This Firefox add-on forces other extensions to steal your data

chrome and firefox

Firefox extensions are exposing millions of users to a new bug capable of stealing sensitive data, it has been claimed.

An attacker can create a malicious add-on for Mozilla's web browser, which can then disguise its nature by forcing a legitimate, existing add-on, to do its dirty work for it, reports Ars Technica.

The flaw, dubbed an extension reuse vulnerability by the researchers who revealed it at the Black Hat security conference in Singapore, is able to do this because Mozilla has not isolated add-ons in its browser.

This means the bug can take advantage of vulnerabilities in other add-ons a user has enabled, and route its attacks through them instead.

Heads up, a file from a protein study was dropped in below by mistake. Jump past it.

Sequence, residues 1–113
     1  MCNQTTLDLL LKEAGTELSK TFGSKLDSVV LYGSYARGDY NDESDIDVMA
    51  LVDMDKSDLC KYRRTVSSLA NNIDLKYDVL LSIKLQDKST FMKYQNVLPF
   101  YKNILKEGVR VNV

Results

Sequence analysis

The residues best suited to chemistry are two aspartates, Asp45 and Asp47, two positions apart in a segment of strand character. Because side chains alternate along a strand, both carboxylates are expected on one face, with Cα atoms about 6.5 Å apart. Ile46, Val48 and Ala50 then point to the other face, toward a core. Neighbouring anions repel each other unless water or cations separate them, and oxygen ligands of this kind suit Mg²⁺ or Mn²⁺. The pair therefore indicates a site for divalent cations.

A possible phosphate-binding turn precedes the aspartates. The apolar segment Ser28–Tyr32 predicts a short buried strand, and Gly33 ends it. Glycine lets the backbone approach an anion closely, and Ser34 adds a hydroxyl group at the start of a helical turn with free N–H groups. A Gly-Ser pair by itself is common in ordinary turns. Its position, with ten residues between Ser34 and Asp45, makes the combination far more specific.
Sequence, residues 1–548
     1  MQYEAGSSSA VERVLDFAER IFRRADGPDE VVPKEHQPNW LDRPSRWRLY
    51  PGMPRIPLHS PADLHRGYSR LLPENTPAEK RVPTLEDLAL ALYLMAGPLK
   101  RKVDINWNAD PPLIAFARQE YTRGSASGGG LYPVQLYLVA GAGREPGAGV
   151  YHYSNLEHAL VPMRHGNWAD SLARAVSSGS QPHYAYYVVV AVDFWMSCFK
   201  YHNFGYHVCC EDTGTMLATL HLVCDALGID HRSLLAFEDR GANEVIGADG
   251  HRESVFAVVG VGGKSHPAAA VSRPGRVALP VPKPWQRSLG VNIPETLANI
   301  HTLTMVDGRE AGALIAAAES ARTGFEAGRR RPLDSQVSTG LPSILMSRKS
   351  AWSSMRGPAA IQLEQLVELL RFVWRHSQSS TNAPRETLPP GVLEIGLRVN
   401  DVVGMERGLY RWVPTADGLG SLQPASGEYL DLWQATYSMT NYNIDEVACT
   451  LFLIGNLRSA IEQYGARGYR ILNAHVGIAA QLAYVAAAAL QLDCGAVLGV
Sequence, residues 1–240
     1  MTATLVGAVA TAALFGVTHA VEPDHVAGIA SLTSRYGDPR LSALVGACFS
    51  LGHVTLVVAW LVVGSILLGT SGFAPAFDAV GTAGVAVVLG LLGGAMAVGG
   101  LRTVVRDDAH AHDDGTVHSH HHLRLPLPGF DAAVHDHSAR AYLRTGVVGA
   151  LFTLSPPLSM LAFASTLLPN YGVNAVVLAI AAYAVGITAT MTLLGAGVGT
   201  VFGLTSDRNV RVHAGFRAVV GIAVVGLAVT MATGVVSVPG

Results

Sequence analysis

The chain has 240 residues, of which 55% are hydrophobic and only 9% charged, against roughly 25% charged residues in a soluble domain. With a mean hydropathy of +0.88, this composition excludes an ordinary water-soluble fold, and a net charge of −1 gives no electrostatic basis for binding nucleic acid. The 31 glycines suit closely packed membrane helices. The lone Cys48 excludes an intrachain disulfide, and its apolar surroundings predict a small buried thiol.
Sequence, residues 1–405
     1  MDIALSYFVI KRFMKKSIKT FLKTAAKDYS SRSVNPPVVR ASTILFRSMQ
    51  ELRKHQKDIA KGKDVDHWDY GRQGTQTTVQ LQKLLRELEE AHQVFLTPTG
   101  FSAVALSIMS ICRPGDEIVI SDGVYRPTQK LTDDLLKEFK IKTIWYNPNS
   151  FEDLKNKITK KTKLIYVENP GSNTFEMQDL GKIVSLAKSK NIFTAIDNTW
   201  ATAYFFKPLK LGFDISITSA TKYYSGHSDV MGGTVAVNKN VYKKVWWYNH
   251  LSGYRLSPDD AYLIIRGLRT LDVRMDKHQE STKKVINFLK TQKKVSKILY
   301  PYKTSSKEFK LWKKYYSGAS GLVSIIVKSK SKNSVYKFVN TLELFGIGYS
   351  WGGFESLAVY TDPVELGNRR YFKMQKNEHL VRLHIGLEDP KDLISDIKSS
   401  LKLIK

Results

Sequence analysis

These buggy add-ons include NoScript, Video DownloadHelper, FlashGot and Firebug, the researchers wrote in the paper.

The extensions send the user to malicious websites, or force them to download malware.

As quoted by Ars Technica, the researchers said: "These vulnerabilities allow a seemingly innocuous extension to reuse security-critical functionality provided by other legitimate, benign extensions to stealthily launch confused deputy-style attacks.

"Malicious extensions that utilise this technique would be significantly more difficult to detect by current static or dynamic analysis techniques, or extension vetting procedures."

However, it does rely on a user first downloading the malicious add-on, as well as having buggy extensions already enabled on their browser.

Mozilla admitted to Ars that such a bug would work in its Firefox browser, adding: "Because risks such as this one exist, we are evolving both our core product and our extensions platform to build in greater security. The new set of browser extension APIs that make up WebExtensions, which are available in Firefox today, are inherently more secure than traditional add-ons, and are not vulnerable to the particular attack outlined in the presentation at Black Hat Asia."